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Landlords To Oppose Student Home Plan

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Landlords to oppose student home plan

Under plans suggested by a new consultation document from the Department of Communities and Local Government (CLG), permission would have to be sought if a landlord wants to convert a home into a residence for three or more unrelated occupiers.

At present, the regulation of houses of multiple occupation (HMO) is relatively loose and only considers cases where there are at least six residents.

The Government has launched the consultation because of concerns that the "studentification" of towns – high densities of student homes in residential areas – is causing anti-social behaviour, distorted property prices and "ghost towns" during university vacations.

However, the British Property Federation (BPF) has called the proposals a "nimby's charter" and warned that the restriction of the supply of HMOs will drive up rents.

This will also affect young professionals, immigrants and others who rent HMOs, as well as local businesses whose trade would be damaged if students are driven out of areas. The BPF also warns that derelict buildings, which could be turned into HMOs, face remaining empty, and that the change in the laws would affect a much larger number of residential properties then present regulations.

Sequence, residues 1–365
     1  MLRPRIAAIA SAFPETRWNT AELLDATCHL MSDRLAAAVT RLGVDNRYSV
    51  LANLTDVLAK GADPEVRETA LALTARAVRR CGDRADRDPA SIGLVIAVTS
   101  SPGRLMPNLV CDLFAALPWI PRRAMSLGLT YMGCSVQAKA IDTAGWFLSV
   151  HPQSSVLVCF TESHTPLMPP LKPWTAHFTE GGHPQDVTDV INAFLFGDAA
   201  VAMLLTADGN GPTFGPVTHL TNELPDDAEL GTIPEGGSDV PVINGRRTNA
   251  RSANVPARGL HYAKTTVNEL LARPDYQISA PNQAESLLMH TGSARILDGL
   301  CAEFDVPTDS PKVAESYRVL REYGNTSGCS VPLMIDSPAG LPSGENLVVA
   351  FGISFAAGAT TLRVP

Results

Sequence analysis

Wes Streeting, the president of the National Union of Students, said: "These proposals would marginalise students by forcing them to pay private companies to live in large ghettos away from the rest of the community."

The CLG estimates there are 300,000 licensable HMOs in England and Wales with around 35,000 believed to be unlicensed.

The BPF is calling for the issue to be tackled by a local management option, rather than through planning laws.

Liz Peace, the chief executive of the BPF, said: "You can't use the planning system for social engineering or to tackle anti-social behaviour. Only a tiny fraction of places suffer from a high concentrations of HMOs and using a broad brush approach to deal with different issues relating to anti-social behaviour makes no sense."

People have been abusing students for a long, long time in Britain. As somebody put it earlier, this is just a state sponsored wealth transfer. Slumming down a neighbourhood to stuff it full of students and/or social welfare recipients is just plain ugly. Of course, it won't get any better from here on, as the universities across the UK are being forced to shut their doors to home students. Education will once again (already has) become a luxury to the liquid asset rich minority.

But, do we really need to have a new bureaucracy/quango full of made up positions regulating this? Just enforce the current legislation and take away the tax advantages to the student property letters, and letting in general.

As for the abuse of students? Well, it's a British virtue and right to punish people for being weak, young, and poor. How do you think we got here?

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